Why Accra-Lagos Route is Fading Fast

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The load factor for airlines on the popular Accra-Lagos route has diminished. Some of the airlines are reconsidering the route. Without official announcement, some have started withdrawing their service through unexpected cancellations. Four Nigerian airlines and one Ghanaian airline have shown consistency on the route; now that consistency is slipping.

In the last 10 years, many Nigerians have seen Ghana as investment destination. This took a notch higher in the last six years as Nigerian economy grew and became the largest in Africa, Nigerians became attracted by Ghana’s good political atmosphere and business climate and started investing hugely in the fellow West African nation.

This multiplied the movement between the two countries and made Accra-Lagos route one of the most lucrative routes in the West Coast. This was enhanced somewhat by homogeneous language, political and cultural affinity that Ghana became an extension of Nigeria in many ways; yet politically it remained more stable.

The major reason why traffic has diminished on that route is Nigeria’s economic downturn. Since last year when Nigeria’s economy took ill in response to the low oil price, which started in 2014, investment had since lost its velocity and naturally it has affected business between the two countries.

The problem was exacerbated by the prolonged dilemma over the devaluation of Naira, which lasted almost a year that saw the Naira plummet in value and became pariah in bureau de change boxes in Ghana’s capital Accra; to the extent that the currency, which used to command so much respect was shunned by all and sundry. About three years ago, one could spend the Naira at the eateries and other business centres at the Accra airport.

THISDAY learnt from one of the operators on Tuesday that the major reason why some airlines might have decided to cut down or stop their operations to Ghana from Nigeria is because of the expenses, which you must pay in dollars. These include charges and other expenses.

“If you are making enough sales in the foreign currency you will be able to pay for these charges but in a situation whereby you don’t earn enough foreign currency to pay for these charges you will be forced to subsidise the route from your earnings elsewhere and it will be difficult, knowing the current exchange rate,” the source told THISDAY.

Industry analyst told THISDAY that the problem is really the Nigerian economy and expressed optimism that the traffic between the two countries would eventually peak, but for now some airlines could withdraw their service, while others could reduce their frequencies.

“Some will have to review their flights. They can even pull out and later come back. After all, Iberia some time ago pulled out of Nigeria and later came back before the recent exit. But the route will continue to be an important one for the two countries,” the analyst said.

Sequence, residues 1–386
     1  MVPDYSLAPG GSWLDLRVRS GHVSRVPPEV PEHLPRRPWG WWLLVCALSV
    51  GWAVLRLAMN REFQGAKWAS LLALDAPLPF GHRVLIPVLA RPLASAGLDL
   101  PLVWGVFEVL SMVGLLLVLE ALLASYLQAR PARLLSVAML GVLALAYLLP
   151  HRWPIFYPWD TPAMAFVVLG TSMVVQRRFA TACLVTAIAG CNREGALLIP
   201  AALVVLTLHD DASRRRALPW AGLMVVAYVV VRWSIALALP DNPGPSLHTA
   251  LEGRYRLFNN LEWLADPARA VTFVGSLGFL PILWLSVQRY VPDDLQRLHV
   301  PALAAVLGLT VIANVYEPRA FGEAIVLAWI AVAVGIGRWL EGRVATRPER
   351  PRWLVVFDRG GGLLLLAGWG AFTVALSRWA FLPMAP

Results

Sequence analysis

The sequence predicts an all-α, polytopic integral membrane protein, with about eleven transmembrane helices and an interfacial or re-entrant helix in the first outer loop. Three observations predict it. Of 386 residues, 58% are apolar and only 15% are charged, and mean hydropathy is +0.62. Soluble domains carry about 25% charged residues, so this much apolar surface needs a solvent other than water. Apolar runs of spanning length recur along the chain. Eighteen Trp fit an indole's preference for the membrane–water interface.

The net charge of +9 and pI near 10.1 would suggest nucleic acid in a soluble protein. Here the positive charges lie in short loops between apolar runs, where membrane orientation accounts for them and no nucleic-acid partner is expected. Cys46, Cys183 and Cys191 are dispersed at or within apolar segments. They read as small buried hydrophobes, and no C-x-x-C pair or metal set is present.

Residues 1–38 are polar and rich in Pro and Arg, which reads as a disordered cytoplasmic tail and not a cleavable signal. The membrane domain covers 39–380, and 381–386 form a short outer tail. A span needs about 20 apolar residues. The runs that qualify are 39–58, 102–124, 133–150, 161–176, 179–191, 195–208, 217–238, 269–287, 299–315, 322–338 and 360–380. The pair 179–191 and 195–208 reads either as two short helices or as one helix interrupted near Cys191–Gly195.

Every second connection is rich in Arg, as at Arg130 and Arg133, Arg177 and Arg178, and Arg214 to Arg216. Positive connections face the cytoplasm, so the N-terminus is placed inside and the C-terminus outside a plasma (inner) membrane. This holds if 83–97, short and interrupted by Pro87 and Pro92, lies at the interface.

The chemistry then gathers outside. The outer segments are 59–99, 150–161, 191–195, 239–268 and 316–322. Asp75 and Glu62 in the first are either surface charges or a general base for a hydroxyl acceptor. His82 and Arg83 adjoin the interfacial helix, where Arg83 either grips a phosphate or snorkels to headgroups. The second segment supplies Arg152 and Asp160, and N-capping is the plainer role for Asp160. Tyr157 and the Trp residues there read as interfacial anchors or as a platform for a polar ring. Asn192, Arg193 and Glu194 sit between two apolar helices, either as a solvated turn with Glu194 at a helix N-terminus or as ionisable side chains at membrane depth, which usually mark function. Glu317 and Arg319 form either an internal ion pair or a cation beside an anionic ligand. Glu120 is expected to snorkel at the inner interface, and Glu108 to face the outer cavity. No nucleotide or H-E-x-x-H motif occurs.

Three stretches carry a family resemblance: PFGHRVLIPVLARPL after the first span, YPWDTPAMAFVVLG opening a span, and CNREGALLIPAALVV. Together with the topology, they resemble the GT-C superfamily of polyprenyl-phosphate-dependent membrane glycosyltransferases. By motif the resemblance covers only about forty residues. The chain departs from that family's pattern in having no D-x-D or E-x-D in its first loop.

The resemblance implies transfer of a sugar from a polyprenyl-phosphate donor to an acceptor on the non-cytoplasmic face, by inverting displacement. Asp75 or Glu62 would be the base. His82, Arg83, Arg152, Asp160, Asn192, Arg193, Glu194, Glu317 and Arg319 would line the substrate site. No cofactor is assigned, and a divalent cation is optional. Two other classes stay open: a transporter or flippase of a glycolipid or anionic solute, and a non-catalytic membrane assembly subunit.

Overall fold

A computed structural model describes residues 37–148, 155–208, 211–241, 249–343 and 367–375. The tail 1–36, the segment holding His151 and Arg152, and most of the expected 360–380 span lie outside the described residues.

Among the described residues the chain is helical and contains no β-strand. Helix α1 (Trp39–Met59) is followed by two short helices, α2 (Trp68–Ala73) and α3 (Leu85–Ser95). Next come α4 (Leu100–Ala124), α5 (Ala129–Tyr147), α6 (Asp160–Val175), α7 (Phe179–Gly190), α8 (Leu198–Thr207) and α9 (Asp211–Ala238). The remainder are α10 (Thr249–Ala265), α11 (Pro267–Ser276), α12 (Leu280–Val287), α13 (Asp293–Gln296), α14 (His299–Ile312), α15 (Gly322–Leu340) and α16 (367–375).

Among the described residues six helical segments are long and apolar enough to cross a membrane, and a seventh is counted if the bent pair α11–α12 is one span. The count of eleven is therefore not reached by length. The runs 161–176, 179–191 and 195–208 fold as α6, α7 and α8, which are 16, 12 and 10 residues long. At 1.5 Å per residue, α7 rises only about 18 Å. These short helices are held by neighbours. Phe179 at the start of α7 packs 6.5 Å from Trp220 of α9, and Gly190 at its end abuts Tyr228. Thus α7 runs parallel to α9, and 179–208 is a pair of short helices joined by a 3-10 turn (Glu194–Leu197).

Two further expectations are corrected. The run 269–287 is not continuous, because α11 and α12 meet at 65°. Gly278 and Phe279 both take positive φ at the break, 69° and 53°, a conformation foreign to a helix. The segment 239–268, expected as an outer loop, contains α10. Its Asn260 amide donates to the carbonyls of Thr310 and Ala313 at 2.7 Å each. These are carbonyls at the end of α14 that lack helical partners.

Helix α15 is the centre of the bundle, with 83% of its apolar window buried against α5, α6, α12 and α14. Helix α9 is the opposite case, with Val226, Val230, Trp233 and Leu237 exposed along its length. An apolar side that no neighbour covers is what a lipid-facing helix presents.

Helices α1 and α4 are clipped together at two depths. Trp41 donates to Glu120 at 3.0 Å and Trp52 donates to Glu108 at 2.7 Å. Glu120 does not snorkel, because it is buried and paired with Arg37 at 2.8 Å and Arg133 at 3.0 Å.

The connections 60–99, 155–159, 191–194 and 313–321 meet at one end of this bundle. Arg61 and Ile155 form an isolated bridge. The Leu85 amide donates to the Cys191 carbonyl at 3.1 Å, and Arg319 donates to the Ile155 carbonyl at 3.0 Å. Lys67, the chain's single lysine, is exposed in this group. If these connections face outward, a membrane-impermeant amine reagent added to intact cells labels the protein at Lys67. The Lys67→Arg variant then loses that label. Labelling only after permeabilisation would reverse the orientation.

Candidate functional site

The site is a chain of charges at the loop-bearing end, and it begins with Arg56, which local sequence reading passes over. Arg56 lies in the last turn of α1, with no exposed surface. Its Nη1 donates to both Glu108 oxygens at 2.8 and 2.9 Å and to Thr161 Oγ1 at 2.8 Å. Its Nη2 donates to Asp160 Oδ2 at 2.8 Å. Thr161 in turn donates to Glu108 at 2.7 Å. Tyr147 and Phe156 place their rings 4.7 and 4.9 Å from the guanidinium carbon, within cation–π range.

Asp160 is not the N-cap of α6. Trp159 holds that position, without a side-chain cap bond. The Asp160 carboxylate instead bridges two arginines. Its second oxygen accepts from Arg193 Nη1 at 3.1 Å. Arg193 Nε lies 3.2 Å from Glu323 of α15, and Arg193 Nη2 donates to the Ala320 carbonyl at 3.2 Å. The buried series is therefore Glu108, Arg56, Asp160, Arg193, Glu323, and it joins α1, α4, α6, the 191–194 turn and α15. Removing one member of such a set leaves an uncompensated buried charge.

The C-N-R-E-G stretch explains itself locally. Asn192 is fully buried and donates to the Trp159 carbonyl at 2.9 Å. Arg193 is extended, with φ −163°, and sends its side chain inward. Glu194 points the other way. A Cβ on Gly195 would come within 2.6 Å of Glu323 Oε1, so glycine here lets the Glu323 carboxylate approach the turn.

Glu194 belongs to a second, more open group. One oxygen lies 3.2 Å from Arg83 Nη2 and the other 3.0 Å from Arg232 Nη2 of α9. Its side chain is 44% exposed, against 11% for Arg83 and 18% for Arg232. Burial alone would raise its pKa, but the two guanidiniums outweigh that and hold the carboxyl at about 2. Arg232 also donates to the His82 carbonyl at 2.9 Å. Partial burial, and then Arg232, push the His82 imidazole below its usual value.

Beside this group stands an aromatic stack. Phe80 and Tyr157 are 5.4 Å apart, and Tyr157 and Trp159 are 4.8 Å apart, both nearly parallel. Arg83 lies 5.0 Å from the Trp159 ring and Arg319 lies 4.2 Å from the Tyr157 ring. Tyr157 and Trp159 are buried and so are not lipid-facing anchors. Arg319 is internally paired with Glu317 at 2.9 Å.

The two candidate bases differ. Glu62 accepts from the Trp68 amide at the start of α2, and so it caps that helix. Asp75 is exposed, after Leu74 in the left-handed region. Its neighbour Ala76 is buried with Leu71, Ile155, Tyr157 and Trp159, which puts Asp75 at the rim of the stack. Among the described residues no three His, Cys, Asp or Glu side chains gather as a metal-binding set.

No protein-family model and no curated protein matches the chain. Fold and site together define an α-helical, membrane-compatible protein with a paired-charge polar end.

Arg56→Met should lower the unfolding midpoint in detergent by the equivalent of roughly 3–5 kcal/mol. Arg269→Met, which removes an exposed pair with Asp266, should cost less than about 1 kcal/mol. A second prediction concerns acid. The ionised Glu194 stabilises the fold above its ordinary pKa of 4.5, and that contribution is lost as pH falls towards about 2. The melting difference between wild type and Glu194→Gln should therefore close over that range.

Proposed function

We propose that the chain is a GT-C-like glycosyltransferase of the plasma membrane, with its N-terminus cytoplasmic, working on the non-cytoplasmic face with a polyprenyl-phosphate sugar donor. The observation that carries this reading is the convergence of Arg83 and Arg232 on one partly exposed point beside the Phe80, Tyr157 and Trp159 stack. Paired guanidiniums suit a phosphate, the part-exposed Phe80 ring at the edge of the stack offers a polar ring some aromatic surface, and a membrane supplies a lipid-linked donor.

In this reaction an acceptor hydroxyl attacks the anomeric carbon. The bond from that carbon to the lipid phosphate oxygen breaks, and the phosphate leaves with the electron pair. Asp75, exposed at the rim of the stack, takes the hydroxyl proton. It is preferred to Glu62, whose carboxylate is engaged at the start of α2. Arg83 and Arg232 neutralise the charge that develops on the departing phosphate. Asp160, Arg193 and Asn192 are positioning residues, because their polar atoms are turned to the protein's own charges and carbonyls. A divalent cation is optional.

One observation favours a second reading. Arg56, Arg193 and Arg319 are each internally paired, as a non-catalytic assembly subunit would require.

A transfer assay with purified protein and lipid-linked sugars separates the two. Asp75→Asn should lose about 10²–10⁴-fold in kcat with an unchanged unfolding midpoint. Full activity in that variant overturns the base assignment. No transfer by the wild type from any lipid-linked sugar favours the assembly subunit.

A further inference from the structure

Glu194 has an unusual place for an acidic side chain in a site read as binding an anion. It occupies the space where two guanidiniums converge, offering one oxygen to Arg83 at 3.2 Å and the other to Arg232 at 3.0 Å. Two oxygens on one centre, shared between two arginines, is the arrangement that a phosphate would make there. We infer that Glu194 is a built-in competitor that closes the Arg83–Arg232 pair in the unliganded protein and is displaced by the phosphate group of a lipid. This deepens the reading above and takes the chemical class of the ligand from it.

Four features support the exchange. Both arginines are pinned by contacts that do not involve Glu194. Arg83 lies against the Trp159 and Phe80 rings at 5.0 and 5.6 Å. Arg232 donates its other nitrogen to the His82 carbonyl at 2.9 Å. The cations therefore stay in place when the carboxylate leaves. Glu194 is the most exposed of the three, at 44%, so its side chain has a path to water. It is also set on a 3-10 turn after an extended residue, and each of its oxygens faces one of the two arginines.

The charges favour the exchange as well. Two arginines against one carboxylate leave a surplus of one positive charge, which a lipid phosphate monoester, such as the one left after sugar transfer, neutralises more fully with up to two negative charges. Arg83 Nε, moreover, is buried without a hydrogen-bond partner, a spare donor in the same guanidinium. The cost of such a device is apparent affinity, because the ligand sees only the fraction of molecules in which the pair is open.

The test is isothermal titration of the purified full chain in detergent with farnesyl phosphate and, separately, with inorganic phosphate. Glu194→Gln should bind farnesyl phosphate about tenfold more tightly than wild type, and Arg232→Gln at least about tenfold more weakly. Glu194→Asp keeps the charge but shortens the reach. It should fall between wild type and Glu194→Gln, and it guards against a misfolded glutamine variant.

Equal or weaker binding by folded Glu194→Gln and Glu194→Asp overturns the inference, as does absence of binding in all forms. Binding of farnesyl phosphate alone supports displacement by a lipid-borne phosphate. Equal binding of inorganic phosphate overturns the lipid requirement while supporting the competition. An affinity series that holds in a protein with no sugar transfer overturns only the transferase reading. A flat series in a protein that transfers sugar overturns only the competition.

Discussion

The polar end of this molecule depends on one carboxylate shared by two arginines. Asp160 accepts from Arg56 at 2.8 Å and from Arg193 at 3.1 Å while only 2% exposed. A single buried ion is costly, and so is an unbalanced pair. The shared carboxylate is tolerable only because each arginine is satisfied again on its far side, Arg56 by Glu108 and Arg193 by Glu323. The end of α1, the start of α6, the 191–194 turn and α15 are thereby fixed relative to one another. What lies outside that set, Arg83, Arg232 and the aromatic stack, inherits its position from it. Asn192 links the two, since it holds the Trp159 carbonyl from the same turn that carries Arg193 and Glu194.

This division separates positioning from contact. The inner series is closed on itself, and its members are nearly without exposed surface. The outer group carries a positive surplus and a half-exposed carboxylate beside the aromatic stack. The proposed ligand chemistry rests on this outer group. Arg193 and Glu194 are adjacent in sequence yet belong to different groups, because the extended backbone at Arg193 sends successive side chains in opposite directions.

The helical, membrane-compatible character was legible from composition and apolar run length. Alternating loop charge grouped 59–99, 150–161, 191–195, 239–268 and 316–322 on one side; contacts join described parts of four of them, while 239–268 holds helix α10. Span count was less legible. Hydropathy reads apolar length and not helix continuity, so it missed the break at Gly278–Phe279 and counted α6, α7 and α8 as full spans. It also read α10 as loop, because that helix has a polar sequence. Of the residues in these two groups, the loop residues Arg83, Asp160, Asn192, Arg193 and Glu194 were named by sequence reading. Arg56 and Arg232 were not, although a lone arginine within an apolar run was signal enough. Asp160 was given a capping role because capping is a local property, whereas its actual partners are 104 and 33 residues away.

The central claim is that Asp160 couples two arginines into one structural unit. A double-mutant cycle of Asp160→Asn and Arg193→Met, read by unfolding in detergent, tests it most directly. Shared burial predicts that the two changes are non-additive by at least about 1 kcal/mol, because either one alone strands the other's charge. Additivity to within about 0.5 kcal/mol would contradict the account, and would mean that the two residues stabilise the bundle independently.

Travel expert, IkechiUko who literally lives in Nigeria and Ghana has explored the factors responsible for the low passenger traffic on the Accra-Lagos route. He recently narrated how a passenger booked a Business Class ticket on one Nigerian airline from Accra to Lagos and when he turned up at the airport on Sunday morning he found out the flight has been cancelled and nobody informed him about the cancellation.

“He had to buy an Arik ticket for $315 to get back home to Lagos. That probably was a sign of things to come. Today (last week) it would have been worse as an economy ticket from Lagos to Accra is between $200 and $300 depending on whose exchange rate you are using. The bottom has finally fallen out of the once lucrative Lagos Accra market. As Arik and Aero are now the only regular Nigerian Carriers on the route complemented by the dogged but surely growing Ghanaian carrier Africa World Airlines (AWA).

Uko noted that even Arik and Aero have scaled down operations to once a day in some instances and the use of a smaller aircraft.

“Medview and Dana the other Nigerian carriers on the route have become somewhat epileptic. The biggest winner on this route is turning out to be the Ghanaian carrier AWA. It had applied right equipment, an Embraer 45 and changed schedules many times to find the right spot and timing. It established smart schedule integrity for its evening flight always leaving almost on time. Now with the Forex crisis in Nigeria and AWA price stability it is only disadvantage, which was the fact that most Nigerians don’t like small planes has turned into an advantage as Aero now uses a Dash-8 and Arik sometimes a CRJ all small crafts. Arik because of its multiple connections and network is also surviving added to its new lower pricing as compared to Aero,” Uko said.

The travel expert attributed the now unprofitable route to the oversupply of passenger seats and noted that the airlines were initially carried away by the frenzy of the huge market on the route. Now that the traffic has ebbed, the airlines inevitably would have to make adjustments. He said there is over supply now with about 1500 seats.
But many industry experts strongly believe that the lucrative Accra-Lagos route would bounce back.